Difference between revisions of "Inductive bias"

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|year = 1980
 
|year = 1980
 
|title = The need for biases in learning generalizations
 
|title = The need for biases in learning generalizations
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|url = http://citeseerx.ist.psu.edu/viewdoc/summary?doi=10.1.1.120.4179
 
|url = http://citeseerx.ist.psu.edu/viewdoc/summary?doi=10.1.1.120.4179
 
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"Inductive bias" refers to your suspicion that if the sun has risen for the last billion days in a row, then it may rise tomorrow as well.  Since it is [[logically possible]] that the laws of physics will arbitrarily cease to work and that the sun will *not* rise tomorrow, coming to this conclusion requires an inductively biased [[prior]].
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'''Inductive bias''' refers to your suspicion that if the sun has risen for the last billion days in a row, then it may rise tomorrow as well.  Since it is [[logically possible]] that the laws of physics will arbitrarily cease to work and that the sun will ''not'' rise tomorrow, coming to this conclusion requires an inductively biased [[prior]].
  
 
This sort of bias is not a bad thing - without "inductive bias" you can't draw any conclusion at all from the data.  It's just a different technical meaning attached to the same word.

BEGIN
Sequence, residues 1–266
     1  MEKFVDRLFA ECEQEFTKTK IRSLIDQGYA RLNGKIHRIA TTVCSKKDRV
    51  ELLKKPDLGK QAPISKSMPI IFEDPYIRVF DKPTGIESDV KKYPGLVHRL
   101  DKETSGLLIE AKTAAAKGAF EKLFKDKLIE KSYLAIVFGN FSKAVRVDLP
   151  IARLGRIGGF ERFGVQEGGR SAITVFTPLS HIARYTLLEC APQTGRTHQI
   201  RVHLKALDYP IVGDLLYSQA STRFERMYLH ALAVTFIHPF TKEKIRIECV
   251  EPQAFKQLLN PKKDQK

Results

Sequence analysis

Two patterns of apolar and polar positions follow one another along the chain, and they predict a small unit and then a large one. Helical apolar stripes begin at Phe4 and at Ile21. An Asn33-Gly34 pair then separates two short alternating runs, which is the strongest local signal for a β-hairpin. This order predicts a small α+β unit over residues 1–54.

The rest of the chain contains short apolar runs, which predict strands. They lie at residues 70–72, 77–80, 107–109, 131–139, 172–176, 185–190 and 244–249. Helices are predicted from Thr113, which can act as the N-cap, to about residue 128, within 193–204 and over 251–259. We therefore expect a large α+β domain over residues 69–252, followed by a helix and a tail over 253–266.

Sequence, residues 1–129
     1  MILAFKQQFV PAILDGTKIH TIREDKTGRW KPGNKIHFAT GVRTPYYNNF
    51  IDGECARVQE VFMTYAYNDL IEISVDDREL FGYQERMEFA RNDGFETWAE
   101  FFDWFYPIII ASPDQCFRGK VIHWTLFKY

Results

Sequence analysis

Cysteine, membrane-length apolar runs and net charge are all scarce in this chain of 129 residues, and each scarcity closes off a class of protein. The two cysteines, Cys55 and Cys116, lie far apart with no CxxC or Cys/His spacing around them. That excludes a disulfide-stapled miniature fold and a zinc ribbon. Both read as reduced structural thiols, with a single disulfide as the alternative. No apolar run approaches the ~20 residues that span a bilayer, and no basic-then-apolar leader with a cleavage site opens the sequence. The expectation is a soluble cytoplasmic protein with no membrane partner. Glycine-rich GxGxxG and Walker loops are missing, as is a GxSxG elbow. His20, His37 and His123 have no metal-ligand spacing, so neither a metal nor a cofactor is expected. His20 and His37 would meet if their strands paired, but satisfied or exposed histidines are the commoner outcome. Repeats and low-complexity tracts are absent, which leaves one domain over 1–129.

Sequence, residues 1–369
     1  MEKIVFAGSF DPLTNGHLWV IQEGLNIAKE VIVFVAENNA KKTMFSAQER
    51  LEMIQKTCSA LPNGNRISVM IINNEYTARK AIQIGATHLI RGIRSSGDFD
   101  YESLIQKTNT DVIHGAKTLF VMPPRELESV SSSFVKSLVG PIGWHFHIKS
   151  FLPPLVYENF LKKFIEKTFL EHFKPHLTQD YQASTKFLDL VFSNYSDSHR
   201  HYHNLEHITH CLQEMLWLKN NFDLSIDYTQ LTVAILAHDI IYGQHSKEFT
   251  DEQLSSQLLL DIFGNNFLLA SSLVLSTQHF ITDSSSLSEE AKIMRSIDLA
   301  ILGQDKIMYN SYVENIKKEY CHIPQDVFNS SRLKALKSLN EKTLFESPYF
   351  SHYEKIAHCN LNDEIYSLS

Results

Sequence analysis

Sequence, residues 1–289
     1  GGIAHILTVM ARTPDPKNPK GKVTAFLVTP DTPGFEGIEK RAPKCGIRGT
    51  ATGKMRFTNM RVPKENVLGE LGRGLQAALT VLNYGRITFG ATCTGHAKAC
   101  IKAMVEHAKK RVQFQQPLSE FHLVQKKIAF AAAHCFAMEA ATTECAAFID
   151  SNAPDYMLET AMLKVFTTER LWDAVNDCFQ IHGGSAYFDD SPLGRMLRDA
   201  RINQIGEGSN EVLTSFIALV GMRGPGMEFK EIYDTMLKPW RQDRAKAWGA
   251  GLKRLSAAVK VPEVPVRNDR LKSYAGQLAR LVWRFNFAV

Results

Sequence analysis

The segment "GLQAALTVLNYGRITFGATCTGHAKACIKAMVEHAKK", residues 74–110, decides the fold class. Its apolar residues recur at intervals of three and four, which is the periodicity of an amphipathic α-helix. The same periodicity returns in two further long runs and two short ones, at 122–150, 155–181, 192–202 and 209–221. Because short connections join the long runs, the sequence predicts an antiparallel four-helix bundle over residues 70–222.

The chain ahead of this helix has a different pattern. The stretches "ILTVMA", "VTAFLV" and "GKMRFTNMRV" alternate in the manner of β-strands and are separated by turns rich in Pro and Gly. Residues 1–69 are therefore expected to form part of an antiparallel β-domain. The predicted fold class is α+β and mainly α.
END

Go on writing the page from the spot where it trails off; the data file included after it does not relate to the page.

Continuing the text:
This sort of bias is not a bad thing - without "inductive bias" you can't draw any conclusion at all from the data.  It's just a different technical meaning attached to the same word.
  
===Primary article===
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==Primary post==
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*[http://lesswrong.com/lw/hg/inductive_bias/ "Inductive Bias"] by [[Eliezer Yudkowsky]]
 
*[http://lesswrong.com/lw/hg/inductive_bias/ "Inductive Bias"] by [[Eliezer Yudkowsky]]
  
===See also===
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==Footnotes==
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<references/>
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==See also==
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*[[Prior distribution]]
 
*[[Prior distribution]]
 
*[[Statistical bias]]
 
*[[Statistical bias]]
 
*[[Cognitive bias]]
 
*[[Cognitive bias]]
  
===Footnotes===
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[[Category:Learning]]
<references/>
 

Revision as of 00:32, 27 June 2009

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Wikipedia has an article about


The inductive bias of a learning algorithm is the set of assumptions that the learner uses to predict outputs given inputs that it has not encountered

Tom Mitchell[1]

Inductive bias refers to your suspicion that if the sun has risen for the last billion days in a row, then it may rise tomorrow as well. Since it is logically possible that the laws of physics will arbitrarily cease to work and that the sun will not rise tomorrow, coming to this conclusion requires an inductively biased prior.

This sort of bias is not a bad thing - without "inductive bias" you can't draw any conclusion at all from the data. It's just a different technical meaning attached to the same word.

Primary post

Footnotes

See also